(ChemotherapyAdvisor) – Despite potential losses of breast reconstructions associated with post-mastectomy radiation therapy (PMRT), women should be encouraged to pursue reconstruction surgery, conclude authors of a systematic review published in the Annals of Surgical Oncology.

More study is needed to determine the impacts of PMRT on autologous breast reconstructions, but as radiation therapy techniques have become more sophisticated, the risk of expander/implant (E/I)-based reconstruction loss appears to be declining, they reported.

“Whereas PMRT and the addition of regional irradiation has been traditionally associated with increased complications and worse outcomes with E/I reconstruction, recent data suggest that no difference in perioperative complications exists in patients receiving PMRT using modern techniques,” reported Chirag Shah, MD, at the Department of Radiation Oncology, Washington University School of Medicine in St. Louis, Missouri, and coauthors.

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Approximately 50% of women with breast cancer opt for reconstruction, the authors noted. PMRT is associated with improved local control, disease-free survival and overall survival among women with stage II and III breast cancer who undergo mastectomy, but studies suggest it might result in loss of breast reconstruction in some cases.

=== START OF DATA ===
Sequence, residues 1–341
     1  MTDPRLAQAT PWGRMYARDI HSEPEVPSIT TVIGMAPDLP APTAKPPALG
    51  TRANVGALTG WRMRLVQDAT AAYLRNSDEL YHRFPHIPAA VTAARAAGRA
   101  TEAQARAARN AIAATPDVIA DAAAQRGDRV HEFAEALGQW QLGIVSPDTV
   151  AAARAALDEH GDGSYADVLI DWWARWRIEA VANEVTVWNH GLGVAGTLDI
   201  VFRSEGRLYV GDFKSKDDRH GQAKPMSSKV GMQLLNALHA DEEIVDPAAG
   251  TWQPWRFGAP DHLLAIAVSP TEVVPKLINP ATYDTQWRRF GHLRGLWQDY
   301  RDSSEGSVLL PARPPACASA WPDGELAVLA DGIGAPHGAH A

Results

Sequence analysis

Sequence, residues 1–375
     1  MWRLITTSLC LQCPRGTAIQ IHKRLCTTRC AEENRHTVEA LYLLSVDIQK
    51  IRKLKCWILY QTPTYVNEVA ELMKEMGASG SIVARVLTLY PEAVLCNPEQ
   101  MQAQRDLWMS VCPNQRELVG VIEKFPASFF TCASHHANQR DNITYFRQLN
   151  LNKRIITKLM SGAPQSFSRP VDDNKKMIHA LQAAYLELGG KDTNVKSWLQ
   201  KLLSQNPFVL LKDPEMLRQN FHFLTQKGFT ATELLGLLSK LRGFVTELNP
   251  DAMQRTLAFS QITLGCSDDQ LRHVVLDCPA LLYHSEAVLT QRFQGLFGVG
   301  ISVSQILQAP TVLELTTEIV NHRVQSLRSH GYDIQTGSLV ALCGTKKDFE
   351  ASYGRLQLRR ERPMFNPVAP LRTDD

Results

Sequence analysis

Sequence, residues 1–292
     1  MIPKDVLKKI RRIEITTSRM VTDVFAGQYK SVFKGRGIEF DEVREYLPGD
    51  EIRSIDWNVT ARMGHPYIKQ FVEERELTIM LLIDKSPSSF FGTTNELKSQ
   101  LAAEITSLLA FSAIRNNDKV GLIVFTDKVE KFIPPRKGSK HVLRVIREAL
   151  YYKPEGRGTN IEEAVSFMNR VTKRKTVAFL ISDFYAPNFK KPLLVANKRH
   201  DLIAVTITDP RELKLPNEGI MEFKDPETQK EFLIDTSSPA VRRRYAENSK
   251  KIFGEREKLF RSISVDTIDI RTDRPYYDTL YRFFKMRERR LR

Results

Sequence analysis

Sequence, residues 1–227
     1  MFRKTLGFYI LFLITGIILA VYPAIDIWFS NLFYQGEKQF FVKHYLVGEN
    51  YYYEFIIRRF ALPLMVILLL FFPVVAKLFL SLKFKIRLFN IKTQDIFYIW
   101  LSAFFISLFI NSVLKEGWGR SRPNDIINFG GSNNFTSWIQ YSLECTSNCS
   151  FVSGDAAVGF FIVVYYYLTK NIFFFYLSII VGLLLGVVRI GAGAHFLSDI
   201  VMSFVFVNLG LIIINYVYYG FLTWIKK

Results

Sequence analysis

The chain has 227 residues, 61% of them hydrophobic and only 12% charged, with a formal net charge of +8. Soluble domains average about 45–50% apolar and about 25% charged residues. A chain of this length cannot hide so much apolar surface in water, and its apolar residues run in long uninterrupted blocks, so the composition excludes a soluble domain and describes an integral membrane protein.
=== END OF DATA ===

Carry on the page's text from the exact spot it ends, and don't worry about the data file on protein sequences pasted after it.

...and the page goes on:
Only studies of 20 or more patients, published between 1992 and 2012, were included in the review.  

The rate of loss of expander/implant-based breast reconstruction associated with “more advanced radiation techniques is less than 30% in patients undergoing PMRT,” the authors reported. “More recent data have highlighted that with current technology, rates of reconstruction loss approach 20%.”

However, factors “beyond PMRT,” such as older patient age, obesity, smoking and hypertension, could also be partly responsible for such losses, they wrote.

PMRT is “potentially associated” with increased rates of breast reconstruction loss “regardless of reconstruction technique utilized,” they cautioned.  But the available clinical study data does not yet allow any definitive conclusions about PMRT impacts on autologous reconstructions.

“Despite the potential complications associated with PMRT, data support that women should continue to be encouraged to pursue reconstruction following mastectomy due to the psychological, social, and sexual benefits on a patient’s well-being, regardless of their age or comorbidities,” the authors concluded.